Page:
Creepy girl grinned a huge, empty grin and made her already huge, dead eyes bigger.
“Oh but you are a clever girl Jamie, we love girls with imaginations!”
Creepy girl was technically pretty but…weird… She dressed like as if she had her clothes picked out for her by some 50 year old guy or something. All knee socks and patent shoes and a too-short pleated skirt.
Short, dark gamine hair, usually full of stupid little hair clips, surrounded a slightly too large face, almost black lips (what kind of weird lipstick was that?) and way too big eyes.
Creepy girl looked like some freak had over photo-shopped Winnona Ryder into a cheer leader fantasy.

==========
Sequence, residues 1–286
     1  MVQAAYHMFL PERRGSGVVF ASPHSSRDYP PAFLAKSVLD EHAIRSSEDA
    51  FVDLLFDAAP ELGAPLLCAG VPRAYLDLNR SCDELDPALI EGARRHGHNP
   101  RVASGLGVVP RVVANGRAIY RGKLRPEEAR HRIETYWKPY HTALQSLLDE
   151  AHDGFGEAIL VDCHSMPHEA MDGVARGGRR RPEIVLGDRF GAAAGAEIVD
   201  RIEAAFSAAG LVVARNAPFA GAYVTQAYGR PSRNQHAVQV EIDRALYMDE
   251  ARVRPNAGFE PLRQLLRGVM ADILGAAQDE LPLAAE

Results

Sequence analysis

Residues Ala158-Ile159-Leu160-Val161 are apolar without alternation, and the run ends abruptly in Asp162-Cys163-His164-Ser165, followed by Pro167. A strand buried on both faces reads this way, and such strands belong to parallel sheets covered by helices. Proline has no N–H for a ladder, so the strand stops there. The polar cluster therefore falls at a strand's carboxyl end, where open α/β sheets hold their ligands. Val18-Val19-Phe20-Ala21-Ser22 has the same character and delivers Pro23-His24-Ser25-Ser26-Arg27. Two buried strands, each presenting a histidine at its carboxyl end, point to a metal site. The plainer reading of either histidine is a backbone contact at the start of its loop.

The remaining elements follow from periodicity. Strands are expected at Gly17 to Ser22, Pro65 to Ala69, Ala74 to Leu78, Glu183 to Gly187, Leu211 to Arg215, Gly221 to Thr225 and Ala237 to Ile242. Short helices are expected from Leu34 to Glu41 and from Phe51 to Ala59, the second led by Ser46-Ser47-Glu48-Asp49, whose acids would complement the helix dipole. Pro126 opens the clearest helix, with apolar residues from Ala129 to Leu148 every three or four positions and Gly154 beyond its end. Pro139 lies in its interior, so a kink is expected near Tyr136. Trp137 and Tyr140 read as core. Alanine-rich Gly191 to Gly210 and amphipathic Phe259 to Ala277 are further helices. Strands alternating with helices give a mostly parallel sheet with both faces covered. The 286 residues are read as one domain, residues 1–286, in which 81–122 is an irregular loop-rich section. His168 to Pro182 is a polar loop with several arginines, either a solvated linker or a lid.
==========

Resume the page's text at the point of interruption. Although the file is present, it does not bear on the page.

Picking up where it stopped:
“My imagination?…” Jamie asked.
How did creepy girl know what she was writing? Had she been looking through her bag? Or worse her locker.
“Your stories.” That sick grin got even bigger.
Jamie closed the binder and held it to her chest.
“my stories aren’t that good…” she said, looking past creepy girl to the class room door, why wasn’t a teacher around?
“Oh no! Your stories are wonderful!” said creepy girl and then, she writhed sickeningly, almost sexually in her seat and stretched out her hands towards Jamie, towards the binder, as if warming them on a fire.
Jamie wrinkled up her nose and moved back in her chair, the binder becoming a shield between her and creepy girl.
“Um listen, I don’t know what you’ve heard or what kind of vibe I might be putting out but I’m seriously not into other girls, “ she said.
Creepy girl wrinkled her tiny nose.